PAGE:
When crafting an important piece, it is likely you will become intertwined in the classic writer’s dilemma: who are you writing for? According to author William Zinsser, you should be writing for yourself. Although he is the self-proclaimed evangelist of brevity and simplicity, Zinsser emphasizes that the audience – or the idea of who your audience is – should not have an effect on your writing. In chapter 5 of his book On Writing Well, he describes this paradox. A good writer should be a master of the ground principles of writing and confident in their personal style. Here, the difference between technical craft and unique attitude is key.
According to my colleague, writing is a cruel and unusual form of punishment – and those who are very good at writing are all indulgent masochists. This very same colleague also happens to be a recipient of the prestigious PRSA Atlas Award for Lifetime Achievement. If there is anything that she has taught me in our two years of working together, it is that writing is not something that simply flows out of your brain and onto paper with ease. I’ve shared in her frustration as last-minute changes were made to press releases. I’ve seen how it can take hours for even the most seasoned professional to crank out an important document. But most importantly, I’ve learned that even those who love writing are actually secretly exhausted by it.
A picture is worth a thousand words. This is a phrase we have all heard at least a thousand times, but sometimes we need to be reminded that a picture is more than just what meets the eye. Only a little over 100 years ago, people believed that everything they saw in photographs was true. As long as the photograph was taken where and when the caption says it was, it was generally thought to be accurate and, at times, even more reliable than the testimony of a human eye witness (Ritchin, 1985). This mindset is now few and far between in today’s society. Nothing – not even a smiling selfie – can be published without meeting extreme scrutiny from the receiving public.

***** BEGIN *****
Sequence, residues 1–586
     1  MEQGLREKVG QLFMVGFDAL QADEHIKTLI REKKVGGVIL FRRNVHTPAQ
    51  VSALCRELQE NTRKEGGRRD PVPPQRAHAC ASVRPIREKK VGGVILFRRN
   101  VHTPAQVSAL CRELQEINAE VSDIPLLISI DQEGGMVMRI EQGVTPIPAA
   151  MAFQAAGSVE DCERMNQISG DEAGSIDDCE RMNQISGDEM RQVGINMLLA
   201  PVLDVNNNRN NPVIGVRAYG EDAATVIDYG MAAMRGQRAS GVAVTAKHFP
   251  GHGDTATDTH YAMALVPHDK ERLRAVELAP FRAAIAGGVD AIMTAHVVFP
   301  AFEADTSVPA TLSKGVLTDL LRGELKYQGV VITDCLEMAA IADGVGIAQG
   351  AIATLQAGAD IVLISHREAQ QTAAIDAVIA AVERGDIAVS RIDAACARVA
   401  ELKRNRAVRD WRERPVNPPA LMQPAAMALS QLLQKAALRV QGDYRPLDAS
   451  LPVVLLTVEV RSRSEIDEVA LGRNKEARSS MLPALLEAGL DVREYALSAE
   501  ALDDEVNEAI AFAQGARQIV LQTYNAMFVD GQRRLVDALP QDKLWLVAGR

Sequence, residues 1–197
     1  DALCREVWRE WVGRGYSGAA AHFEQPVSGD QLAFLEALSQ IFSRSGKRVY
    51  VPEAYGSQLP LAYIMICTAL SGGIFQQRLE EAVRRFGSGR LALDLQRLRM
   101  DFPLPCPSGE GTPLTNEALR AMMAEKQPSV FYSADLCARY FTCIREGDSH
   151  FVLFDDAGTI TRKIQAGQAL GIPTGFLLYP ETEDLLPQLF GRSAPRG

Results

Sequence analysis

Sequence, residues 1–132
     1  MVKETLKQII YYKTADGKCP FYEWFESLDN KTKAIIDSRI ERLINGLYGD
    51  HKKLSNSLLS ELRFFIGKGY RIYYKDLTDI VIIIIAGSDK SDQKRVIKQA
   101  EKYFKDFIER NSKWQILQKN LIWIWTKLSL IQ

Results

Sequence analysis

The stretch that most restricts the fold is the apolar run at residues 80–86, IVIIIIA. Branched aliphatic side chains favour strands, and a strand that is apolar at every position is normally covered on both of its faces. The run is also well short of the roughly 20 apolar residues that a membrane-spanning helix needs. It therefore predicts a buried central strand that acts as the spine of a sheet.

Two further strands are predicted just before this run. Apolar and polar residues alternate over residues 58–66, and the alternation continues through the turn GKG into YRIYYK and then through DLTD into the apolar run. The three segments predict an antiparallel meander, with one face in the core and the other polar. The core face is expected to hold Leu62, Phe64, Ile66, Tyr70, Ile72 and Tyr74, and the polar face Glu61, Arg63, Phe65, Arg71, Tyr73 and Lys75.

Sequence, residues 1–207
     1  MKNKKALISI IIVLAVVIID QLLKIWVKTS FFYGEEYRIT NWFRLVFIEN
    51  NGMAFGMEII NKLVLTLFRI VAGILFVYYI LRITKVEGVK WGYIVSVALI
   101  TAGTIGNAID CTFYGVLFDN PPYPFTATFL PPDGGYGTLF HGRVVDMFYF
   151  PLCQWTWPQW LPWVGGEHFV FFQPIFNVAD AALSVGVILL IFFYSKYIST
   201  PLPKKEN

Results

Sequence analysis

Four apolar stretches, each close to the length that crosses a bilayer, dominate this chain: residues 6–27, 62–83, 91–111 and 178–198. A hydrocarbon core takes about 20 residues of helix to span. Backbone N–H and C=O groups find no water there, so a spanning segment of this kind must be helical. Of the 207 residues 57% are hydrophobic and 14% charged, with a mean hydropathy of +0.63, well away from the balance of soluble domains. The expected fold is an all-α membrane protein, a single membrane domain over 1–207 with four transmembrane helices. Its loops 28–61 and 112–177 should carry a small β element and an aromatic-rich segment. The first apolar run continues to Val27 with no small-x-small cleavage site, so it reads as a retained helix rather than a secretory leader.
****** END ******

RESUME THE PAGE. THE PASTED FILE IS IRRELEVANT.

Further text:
This week, I’m tasked to write an email to a prospective client who is reaching out to me with the interest of expanding her online consulting business. She would like to explore using social media and email marketing in order to obtain a larger following, but is very hesitant to do so because of privacy concerns. In the below email, I suggest some methods to keep her information safe and that email and social media marketing is necessary for someone who wants to ensure a thriving online business.
If there is something that humans value the most, it is their right to privacy. No matter what job they have, how much money they make, or how much of a social butterfly they might be – people enjoy being able to swaddle back into their personal cocoon and just exist without being bothered.
What I love most about living in today’s world is the speed at which I can find or learn anything I want within seconds. With just a couple of keyboard clicks or a voice command, I’m able to find the artist of that one throwback song that’s stuck in my head or the coolest new restaurant near me. Search engines, like Google, make life easier through its detailed algorithms. By leveraging websites’ SEO (search engine optimization), only the best and most relevant sources are served to users in an organized fashion in SERPs (search engine results pages).
I’ve always marveled at people’s ability to create power out of letters. By itself, the English alphabet consists of 26 letters – 21 consonant letters, 5 vowels – but the combination of them yields over 170 thousand words. As language changes throughout time, words are added or deemed obsolete. Through the power of social media, people can communicate every one of their words on a global scale – instantaneously. As these words hold omnipotent power, it is important for businesses to understand what people are saying and use these insights to their advantage.